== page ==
Astronauts repair ISS with speedy spacewalk

Just like any other home, the International Space Station experiences its share of breakdowns.  Unlike when your faucet leaks, however, orbiting astronauts can't just pick up the phone and summon a repairman. In a way, the ISS is kind of like a $100 billion DIY project.  But, you know, not really.

A NASA astronaut replaces a broken computer during today's remarkably-short spacewalk.  (Image credit: NASA)

A NASA astronaut replaces a broken computer during today's remarkably-short spacewalk.  (Image credit: NASA)

This time the culprit was a computer (isn't it always?) known as a multiplexor/demultiplexor (MDM).  Because the station has a limited communications bandwidth, multiplexing is a vital capability. Multiplexing is a technique that allows multiple signals to be combined into a single signal that makes maximum use of the available communications space.  The ISS uses several tiers of MDMs to route commands from mission controllers to various station systems.

Fortunately, the faulty computer was merely a backup system and the problem was discovered during routine testing on April 11.  Less fortunately, this particular MDM was the only one located outside of the station.  This means that an extra-vehicular activity (EVA) was required to replace it with a backup stored onboard the station.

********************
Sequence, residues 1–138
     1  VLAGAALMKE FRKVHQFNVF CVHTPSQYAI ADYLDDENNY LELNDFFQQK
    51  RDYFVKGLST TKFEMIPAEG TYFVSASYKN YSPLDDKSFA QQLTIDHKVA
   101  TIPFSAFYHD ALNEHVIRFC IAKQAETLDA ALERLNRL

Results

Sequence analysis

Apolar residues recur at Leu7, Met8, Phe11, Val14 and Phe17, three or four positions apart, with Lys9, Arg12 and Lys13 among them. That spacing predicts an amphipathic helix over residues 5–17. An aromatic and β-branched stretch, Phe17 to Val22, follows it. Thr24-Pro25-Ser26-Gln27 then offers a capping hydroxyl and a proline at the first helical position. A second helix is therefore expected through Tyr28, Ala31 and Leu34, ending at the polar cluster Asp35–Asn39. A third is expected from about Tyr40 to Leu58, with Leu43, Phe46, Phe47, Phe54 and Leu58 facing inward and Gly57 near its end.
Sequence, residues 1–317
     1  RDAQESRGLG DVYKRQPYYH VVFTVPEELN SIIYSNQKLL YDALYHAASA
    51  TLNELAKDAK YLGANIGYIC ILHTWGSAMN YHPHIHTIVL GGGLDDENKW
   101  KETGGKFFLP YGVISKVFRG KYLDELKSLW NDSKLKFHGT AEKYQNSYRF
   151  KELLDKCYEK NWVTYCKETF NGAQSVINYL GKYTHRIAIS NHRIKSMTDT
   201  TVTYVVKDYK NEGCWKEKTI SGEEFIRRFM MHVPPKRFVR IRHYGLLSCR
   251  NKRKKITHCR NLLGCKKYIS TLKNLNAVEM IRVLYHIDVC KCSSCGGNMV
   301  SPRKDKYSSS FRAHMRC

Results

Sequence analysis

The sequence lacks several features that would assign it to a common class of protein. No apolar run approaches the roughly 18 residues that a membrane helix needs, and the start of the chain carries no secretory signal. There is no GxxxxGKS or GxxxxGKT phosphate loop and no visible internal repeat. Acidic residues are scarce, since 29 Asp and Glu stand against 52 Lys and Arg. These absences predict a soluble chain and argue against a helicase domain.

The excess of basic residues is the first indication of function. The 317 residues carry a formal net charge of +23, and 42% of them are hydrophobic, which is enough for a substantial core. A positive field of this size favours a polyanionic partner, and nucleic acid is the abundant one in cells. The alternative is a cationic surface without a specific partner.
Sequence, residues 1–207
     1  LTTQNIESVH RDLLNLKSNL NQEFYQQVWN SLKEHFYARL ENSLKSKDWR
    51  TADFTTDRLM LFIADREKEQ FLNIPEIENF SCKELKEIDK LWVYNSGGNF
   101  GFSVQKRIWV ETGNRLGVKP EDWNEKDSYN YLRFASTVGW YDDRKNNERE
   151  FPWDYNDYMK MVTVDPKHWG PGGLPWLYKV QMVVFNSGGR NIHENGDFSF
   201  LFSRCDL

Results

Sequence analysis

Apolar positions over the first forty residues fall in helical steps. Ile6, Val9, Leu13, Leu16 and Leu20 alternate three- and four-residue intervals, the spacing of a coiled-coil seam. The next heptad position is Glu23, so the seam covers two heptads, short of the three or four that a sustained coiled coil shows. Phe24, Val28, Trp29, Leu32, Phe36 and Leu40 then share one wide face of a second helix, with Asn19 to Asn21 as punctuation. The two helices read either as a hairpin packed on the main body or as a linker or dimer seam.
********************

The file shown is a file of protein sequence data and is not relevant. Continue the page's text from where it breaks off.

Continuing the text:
You might recall, however, that recent spacewalks haven't gone too well.  In fact, NASA has halted all non-essential EVAs until problems with the spacesuits have been resolved.  But, even though this was only a backup component, its replacement was unavoidable.  To bolster efforts, the arrival of Monday's Dragon supply ship included a new spacesuit.  Despite this, astronauts Steve Swanson and Rick Mastracchio were still advised to carry water-absorbent material and small snorkels in case of an emergency.

Fortunately, no such incidents were reported and the astronauts were able to replace the malfunctioning MDM with its replacement in just over 90 minutes.  That's very quick for work in space and, in fact, this was the shortest successful EVA in ISS history.  Only last July's aborted spacewalk was (4 minutes!) shorter.

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